[This is the fifth in a series of posts featuring a conversation with Susan Hackett of Legal Executive Leadership focused on deepening client relationships in meaningful (and profitable) ways.]
At a recent session on extranets at the ILTA 2012 conference, Lynn Simpson of DuPont started her portion of the presentation with the warning that she “was about to throw a bomb in the room.” She followed that warning with these words:
- We don’t want you to send us poorly targeted, irrelevant marketing or legal updates. We consider that material to be the equivalent of spam.
- It’s great that you have all these interesting extranets, but we don’t want to have to go to each firm’s special environment to find the materials we need to work. We want our external clients to come to our environment — the place where we, the client, are most comfortable working.
That should make everyone sit up and take notice!
And then what? Here’s some advice:
- With a broadcasted email blast, the client is left trying to sift through a host of law firm updates in order to figure out which (if any) of these emails actually are relevant to the client’s work. Speaking on behalf of clients everywhere, Susan says: “That’s your marketing, not my business interest.”
- The better approach is for the client relationship partner to personally select the materials that are relevant to the client and then forward them with a covering note that explains the context and how it matters (or should matter) to the client.
- Ask your client how their department organizes legal information. Are there gaps you could help fill?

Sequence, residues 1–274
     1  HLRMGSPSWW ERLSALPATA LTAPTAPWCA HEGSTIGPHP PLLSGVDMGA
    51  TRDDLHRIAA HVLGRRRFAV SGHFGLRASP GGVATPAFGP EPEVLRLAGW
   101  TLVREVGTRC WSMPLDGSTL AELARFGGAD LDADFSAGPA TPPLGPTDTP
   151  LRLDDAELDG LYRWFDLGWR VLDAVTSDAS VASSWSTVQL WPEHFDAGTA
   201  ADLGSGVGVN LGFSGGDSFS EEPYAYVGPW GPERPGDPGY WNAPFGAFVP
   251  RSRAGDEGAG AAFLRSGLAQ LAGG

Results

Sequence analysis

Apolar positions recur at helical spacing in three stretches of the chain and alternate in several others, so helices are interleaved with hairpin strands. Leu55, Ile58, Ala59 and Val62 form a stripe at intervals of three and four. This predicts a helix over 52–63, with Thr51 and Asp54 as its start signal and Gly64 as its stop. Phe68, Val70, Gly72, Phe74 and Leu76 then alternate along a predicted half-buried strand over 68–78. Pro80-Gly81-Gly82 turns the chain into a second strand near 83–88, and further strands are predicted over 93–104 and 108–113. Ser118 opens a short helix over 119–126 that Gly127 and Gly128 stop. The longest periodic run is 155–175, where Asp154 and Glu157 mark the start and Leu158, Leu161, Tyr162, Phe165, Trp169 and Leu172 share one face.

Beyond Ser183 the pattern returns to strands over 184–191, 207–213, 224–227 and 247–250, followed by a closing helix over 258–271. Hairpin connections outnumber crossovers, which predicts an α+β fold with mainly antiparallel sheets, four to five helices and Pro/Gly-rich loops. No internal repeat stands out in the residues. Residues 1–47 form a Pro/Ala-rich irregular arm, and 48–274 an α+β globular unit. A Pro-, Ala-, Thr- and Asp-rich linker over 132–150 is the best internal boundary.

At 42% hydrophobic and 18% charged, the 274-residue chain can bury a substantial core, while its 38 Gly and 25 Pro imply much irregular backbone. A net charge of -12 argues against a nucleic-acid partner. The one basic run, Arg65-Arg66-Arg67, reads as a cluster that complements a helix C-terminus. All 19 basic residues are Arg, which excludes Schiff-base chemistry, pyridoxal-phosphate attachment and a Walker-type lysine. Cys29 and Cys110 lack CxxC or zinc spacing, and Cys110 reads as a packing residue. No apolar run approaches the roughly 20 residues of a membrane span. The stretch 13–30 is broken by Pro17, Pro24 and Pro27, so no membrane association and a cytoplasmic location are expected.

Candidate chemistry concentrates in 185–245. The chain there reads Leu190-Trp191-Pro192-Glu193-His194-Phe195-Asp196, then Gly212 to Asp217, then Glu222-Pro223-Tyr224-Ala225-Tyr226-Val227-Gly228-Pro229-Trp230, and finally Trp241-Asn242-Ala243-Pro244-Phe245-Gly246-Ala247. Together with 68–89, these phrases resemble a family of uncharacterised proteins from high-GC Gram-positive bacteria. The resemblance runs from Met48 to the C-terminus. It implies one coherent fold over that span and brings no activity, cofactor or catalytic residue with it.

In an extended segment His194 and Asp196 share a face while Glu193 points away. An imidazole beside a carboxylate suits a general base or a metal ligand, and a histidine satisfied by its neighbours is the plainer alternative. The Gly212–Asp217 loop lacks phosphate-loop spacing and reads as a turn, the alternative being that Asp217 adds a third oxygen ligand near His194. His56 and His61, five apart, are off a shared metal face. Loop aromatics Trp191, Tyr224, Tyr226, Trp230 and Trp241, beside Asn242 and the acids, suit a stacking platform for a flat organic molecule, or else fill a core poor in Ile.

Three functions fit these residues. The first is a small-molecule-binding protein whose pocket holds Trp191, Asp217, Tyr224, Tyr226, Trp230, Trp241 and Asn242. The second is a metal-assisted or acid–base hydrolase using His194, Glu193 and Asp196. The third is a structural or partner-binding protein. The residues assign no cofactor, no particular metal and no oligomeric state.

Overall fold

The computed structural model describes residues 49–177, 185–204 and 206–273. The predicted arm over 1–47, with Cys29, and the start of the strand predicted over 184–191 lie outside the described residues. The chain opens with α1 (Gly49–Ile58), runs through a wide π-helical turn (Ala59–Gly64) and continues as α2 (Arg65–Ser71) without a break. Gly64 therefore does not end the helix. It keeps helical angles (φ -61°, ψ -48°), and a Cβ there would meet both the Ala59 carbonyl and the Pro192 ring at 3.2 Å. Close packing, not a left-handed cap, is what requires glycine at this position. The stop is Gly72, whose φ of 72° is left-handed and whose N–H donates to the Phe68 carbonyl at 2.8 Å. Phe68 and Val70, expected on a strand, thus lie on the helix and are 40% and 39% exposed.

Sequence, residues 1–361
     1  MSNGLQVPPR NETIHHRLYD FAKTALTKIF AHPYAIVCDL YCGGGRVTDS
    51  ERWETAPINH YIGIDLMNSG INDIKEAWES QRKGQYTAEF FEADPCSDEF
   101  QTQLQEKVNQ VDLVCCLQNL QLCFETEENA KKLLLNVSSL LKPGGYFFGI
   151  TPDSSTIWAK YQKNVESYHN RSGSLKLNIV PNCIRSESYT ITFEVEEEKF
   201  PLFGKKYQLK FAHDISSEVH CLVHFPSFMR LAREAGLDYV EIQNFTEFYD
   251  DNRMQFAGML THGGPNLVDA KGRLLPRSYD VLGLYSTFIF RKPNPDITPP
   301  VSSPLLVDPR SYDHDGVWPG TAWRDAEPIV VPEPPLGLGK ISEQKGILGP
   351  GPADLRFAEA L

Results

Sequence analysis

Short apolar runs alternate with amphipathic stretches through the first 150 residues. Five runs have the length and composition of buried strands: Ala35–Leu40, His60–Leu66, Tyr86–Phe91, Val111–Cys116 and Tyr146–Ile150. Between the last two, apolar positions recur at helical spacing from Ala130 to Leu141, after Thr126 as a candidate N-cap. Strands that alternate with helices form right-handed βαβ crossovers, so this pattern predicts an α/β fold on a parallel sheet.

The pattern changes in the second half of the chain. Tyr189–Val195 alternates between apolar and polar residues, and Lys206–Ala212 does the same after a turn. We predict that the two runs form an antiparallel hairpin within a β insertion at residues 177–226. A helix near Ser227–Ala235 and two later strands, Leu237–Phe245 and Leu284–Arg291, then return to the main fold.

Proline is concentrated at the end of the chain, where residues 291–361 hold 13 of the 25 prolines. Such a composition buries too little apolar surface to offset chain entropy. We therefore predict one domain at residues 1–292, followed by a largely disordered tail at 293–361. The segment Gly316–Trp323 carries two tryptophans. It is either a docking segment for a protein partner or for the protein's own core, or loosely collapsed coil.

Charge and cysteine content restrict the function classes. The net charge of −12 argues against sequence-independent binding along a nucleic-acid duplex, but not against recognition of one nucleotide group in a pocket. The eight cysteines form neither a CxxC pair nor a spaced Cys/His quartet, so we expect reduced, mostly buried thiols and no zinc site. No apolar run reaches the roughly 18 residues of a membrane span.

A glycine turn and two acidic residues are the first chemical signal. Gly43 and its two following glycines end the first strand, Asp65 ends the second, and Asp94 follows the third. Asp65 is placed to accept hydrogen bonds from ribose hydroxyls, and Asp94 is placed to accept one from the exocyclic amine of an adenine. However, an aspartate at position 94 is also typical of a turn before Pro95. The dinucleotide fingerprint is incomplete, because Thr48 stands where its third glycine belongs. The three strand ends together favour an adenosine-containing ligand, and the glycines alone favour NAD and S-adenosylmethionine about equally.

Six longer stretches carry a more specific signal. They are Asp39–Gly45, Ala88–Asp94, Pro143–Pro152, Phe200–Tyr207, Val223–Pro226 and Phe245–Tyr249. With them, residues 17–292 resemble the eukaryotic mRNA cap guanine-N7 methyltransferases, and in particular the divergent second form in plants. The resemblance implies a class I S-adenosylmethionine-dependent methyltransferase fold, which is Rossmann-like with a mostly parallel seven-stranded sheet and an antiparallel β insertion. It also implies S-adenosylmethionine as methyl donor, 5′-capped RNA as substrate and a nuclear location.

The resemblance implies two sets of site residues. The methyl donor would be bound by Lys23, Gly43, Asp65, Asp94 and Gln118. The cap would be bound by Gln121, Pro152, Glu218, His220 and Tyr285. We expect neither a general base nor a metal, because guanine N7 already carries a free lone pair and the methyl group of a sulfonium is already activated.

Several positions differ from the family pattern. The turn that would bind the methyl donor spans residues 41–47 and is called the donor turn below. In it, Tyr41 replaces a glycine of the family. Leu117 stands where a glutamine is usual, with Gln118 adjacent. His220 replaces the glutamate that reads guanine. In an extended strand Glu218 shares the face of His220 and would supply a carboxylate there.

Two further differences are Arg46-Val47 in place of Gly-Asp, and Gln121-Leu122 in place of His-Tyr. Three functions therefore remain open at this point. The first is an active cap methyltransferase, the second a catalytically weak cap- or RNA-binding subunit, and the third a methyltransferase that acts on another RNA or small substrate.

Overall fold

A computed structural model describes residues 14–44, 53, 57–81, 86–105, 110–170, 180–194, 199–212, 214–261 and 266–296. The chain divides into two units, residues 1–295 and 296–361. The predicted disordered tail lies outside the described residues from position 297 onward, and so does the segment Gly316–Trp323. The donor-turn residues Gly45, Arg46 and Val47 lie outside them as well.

- Does your client have easy access to information relating to the matter you are working on? If not, discuss how you might make these materials available to them in a manner that is convenient for your client.
- Are there basic knowledge resources or tools you could provide your client to allow a certain measure self-service?
- Would your client be interested in a subscription service by which you regularly provided information useful to your client’s business operations?
While these are some preliminary suggestions, the bottom line is that each firm has to ask each of its clients for guidance on how best to share knowledge resources. It is now longer a matter of routine marketing. Instead, every action should remind your client of how well you understand your client’s business and how much you are willing to do to support your client’s work. Generic legal memoranda run the risk of sending a radically different message. Is that really what you want to do?
The next in this Focus on Clients series: Creating a Law Firm from a Client’s Perspective
[Photo Credit: artnoose]